The Story of the Two Things
A few years ago, I was chatting with a stranger in a bar. When I told him I was an economist, he said, “Ah. So — what are the Two Things about economics?”
“Huh?” I cleverly replied.
“You know, the Two Things. For every subject, there are really only two things you really need to know. Everything else is the application of those two things, or just not important.”
“Oh,” I said. “Okay, here are the Two Things about economics. One: Incentives matter. Two: There’s no such thing as a free lunch.”
Ever since that evening, I’ve been playing the Two Things game. Whenever I meet someone who belongs to a different profession (i.e., a profession I haven’t played this game with), or who knows something about a subject I’m unfamiliar with, I pose the Two Things question.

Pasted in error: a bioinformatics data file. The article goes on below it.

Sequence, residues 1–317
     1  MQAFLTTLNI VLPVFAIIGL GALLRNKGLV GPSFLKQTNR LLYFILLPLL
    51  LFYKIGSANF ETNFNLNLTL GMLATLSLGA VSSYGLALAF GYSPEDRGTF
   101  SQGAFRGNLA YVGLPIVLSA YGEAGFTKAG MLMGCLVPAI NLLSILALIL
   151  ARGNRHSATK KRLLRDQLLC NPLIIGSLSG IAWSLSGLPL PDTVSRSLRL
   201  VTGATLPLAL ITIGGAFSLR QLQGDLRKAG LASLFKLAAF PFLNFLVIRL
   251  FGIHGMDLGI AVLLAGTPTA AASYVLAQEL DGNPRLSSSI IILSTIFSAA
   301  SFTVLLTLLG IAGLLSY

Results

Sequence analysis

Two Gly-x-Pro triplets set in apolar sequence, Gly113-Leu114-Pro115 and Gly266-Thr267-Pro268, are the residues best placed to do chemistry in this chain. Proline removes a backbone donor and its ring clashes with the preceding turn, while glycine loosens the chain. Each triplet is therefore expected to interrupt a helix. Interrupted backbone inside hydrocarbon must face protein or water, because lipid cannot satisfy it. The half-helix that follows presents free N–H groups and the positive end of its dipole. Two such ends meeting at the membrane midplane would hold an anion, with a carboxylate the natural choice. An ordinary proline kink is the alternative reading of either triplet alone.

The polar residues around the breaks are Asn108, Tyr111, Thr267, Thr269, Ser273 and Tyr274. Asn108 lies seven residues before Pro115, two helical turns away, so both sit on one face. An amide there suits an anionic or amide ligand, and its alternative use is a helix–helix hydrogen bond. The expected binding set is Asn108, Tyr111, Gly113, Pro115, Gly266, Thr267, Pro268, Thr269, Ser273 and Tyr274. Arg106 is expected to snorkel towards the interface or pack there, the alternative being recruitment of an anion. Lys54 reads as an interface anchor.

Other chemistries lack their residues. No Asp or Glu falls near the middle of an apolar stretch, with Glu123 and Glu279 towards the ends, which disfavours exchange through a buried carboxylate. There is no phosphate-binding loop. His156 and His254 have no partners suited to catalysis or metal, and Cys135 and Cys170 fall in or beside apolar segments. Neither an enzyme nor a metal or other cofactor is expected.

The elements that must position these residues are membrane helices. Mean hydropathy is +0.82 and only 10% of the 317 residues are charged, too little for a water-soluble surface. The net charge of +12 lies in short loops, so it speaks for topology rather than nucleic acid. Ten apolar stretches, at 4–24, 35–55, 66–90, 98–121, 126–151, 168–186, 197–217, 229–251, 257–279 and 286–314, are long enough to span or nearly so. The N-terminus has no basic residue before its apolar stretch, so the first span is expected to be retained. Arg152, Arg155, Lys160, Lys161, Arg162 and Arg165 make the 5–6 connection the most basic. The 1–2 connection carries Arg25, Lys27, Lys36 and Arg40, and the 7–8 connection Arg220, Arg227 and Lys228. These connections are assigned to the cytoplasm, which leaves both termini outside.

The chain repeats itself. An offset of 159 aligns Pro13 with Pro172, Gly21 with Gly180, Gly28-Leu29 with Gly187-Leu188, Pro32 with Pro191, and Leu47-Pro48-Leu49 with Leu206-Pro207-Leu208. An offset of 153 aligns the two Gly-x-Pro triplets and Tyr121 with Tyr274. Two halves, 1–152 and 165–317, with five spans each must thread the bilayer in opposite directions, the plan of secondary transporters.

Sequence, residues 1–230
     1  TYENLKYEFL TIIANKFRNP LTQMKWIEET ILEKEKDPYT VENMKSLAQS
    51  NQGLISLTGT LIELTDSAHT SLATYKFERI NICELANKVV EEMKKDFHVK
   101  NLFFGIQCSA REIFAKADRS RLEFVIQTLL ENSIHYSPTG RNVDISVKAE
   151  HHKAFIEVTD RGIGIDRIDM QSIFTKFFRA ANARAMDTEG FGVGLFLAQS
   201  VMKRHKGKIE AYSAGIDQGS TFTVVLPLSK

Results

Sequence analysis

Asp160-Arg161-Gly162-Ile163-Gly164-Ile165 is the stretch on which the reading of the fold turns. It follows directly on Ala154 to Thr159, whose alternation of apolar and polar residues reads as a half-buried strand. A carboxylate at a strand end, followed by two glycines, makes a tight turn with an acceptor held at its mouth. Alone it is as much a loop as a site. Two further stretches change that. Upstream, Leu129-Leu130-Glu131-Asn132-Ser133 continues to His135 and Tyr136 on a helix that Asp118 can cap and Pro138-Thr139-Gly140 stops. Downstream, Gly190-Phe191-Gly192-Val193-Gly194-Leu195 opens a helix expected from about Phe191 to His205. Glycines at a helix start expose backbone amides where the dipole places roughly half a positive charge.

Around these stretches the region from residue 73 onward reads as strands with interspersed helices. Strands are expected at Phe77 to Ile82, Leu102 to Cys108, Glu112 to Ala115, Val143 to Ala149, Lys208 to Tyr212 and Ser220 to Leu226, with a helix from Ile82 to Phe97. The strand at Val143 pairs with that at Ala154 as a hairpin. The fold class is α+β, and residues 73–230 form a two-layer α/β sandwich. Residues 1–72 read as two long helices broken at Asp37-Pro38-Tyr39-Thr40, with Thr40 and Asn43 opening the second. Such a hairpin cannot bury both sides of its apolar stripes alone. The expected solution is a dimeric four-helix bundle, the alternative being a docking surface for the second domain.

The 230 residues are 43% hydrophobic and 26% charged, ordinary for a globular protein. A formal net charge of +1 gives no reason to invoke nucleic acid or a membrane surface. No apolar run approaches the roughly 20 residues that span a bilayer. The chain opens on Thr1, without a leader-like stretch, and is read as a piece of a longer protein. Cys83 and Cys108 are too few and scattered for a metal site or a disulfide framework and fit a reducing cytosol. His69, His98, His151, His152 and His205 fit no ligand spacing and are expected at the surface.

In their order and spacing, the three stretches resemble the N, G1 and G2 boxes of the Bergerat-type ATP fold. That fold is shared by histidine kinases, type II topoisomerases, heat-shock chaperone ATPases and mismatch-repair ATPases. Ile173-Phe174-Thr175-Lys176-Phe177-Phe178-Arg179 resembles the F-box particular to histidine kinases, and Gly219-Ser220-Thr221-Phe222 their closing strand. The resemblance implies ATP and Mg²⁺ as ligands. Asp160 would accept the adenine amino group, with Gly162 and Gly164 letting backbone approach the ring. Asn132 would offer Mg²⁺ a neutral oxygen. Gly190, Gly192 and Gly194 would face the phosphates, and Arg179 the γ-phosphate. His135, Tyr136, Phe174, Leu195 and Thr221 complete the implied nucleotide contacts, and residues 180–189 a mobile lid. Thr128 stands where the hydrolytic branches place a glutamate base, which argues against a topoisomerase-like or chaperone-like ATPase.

The site also helpfully lists the Two Things about “The Two Things”:
- People love to play the Two Things game, but they rarely agree about what the Two Things are.
- That goes double for anyone who works with computers.
I replied with these sets of Two Things:
- Software engineering (and engineering in general)
- Fast, cheap, good: choose two.
- Perfect is the enemy of good enough.
- It’s better to be down here wishing you were up there than up there wishing you were down here.
- There are two kinds of pilots: those who have landed gear up, and those who will. [applies to other dumb mistakes too]
- Everything is just a phase.
- The sooner you accept that your most beloved possessions will be destroyed, the happier you’ll be.
- Dog ownership
- If you don’t have the time for a proper walk now, you’d better have the time to clean up a smelly mess later.
- You can’t fool your dog.